And the electric transportation goals?
Laura Capps: This is an area where the market really comes into play. Electric vehicles become more affordable and more ubiquitous, and automakers like GM respond with a pledge to a 100 percent electric future. I’m hopeful we’ll see this with other car makers.
Michael Chiacos: President Biden has also said that the federal agency fleet, which is 645,000 vehicles, will become zero-emission, which is a huge number of EVs. He’s ordered the deployment of 500,000 charging outlets by 2030 and said that the U.S. will facilitate a carbon-free electricity sector no later than 2035, an even more ambitious goal than California’s carbon-free by 2045 law. This gives us some additional momentum to bring forward our targets with this federal wind at our back with zero emission vehicles.
We should see a lot more action around our electric transportation programs and federal grants that are coming out, which we didn’t see under President Trump.
Where does that leave us with fossil fuels?
Michael Chiacos: They’ve prohibited new oil and gas leases on public lands and waters, as well as eliminated fossil fuel subsidies and prioritized clean energy technologies and infrastructure — all of which will help to transition the U.S. off of fossil fuels. While we would have liked him to go further by banning fracking, cyclic steaming and other carbon intensive ways of extracting tight oil, this is a big step in the right direction. In addition, federal funding will be used to spur innovation, commercialization, and deployment of clean energy technologies, and infrastructure.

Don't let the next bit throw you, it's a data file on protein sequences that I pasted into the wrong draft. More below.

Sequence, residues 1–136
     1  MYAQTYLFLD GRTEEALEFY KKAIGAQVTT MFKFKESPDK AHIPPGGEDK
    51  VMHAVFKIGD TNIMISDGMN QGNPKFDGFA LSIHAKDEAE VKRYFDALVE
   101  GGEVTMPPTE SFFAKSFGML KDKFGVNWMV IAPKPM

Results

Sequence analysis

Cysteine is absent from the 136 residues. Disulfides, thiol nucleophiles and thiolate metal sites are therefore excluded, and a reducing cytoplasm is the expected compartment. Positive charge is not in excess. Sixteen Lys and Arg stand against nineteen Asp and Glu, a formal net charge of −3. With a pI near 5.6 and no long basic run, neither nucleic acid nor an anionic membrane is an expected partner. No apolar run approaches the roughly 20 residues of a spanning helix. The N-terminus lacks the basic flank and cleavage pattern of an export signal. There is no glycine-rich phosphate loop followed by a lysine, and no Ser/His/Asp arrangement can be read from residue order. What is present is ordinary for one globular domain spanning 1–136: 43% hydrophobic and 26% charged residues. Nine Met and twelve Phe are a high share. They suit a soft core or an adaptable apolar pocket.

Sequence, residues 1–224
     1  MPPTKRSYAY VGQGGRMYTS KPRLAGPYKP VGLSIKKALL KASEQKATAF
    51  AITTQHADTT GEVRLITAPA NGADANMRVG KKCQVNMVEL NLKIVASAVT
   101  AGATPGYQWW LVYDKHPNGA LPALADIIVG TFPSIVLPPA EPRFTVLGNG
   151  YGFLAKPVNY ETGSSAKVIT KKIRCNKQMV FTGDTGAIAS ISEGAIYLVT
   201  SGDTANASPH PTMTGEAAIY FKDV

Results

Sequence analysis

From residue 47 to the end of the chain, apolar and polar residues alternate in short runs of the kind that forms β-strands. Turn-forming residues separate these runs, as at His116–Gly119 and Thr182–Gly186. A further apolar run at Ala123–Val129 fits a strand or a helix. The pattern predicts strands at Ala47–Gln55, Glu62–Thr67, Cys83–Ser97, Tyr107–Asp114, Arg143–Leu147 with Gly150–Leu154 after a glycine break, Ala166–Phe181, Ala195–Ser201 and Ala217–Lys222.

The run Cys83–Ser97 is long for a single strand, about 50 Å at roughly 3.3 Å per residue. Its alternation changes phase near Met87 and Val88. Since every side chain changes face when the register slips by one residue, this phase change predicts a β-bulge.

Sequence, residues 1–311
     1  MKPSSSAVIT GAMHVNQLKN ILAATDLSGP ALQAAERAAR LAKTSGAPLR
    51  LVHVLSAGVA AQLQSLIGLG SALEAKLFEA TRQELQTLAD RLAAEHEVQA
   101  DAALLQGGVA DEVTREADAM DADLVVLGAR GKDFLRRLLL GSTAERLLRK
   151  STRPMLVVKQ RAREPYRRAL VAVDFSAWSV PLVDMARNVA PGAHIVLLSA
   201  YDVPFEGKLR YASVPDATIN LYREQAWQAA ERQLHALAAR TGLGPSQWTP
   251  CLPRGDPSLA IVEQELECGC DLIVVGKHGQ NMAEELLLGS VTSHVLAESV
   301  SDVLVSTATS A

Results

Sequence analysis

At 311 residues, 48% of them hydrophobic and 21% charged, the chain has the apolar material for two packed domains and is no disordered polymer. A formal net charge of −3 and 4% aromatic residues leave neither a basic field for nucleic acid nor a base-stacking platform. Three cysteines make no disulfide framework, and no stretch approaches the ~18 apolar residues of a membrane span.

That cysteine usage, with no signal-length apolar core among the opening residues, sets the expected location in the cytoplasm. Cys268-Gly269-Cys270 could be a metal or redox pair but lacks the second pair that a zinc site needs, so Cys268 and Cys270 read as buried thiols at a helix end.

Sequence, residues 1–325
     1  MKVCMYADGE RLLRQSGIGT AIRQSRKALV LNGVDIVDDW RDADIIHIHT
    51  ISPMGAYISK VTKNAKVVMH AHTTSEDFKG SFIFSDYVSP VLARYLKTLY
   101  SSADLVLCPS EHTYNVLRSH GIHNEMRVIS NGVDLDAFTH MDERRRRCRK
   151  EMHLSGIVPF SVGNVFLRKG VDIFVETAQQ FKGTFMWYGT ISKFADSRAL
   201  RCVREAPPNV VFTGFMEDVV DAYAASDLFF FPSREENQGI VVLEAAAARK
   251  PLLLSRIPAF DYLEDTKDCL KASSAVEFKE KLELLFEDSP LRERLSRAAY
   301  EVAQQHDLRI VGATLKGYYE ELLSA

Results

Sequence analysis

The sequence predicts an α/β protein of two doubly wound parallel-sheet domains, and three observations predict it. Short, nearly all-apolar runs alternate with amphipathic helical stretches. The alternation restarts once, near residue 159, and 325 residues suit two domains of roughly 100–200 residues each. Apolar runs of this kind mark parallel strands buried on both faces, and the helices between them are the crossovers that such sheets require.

This is a really big deal for oil extraction in California, as well as nationwide. He has a goal of doubling renewable energy by offshore wind by 2030. Most of the renewable offshore wind is on the east coast, but we do have companies considering projects here on the west coast — including off of Point Conception on the Gaviota Coast, and in Morro Bay. It’ll be really interesting to see what happens with the deepwater offshore resources that we have, because we may see some of the development in the next five or 10 years. I love that he wants to eliminate taxpayer subsidies for fossil fuels.
Environmental justice is such an important piece of this whole puzzle. Where does the administration stand on that?
Laura Capps: This is a major move from our federal government, signaling a commitment to environmental justice by explicitly directing federal agencies to develop programs, policies, and activities to address the disproportionate health, environmental, economic, and climate impacts on disadvantaged communities and enforce a just transition to a clean energy economy.
Michael Chiacos: The market is moving away from fossil fuels, and this will only help on climate justice. There’s also a Justice 40 initiative with a goal of delivering 40 percent of the overall benefits of federal investment to disadvantaged communities.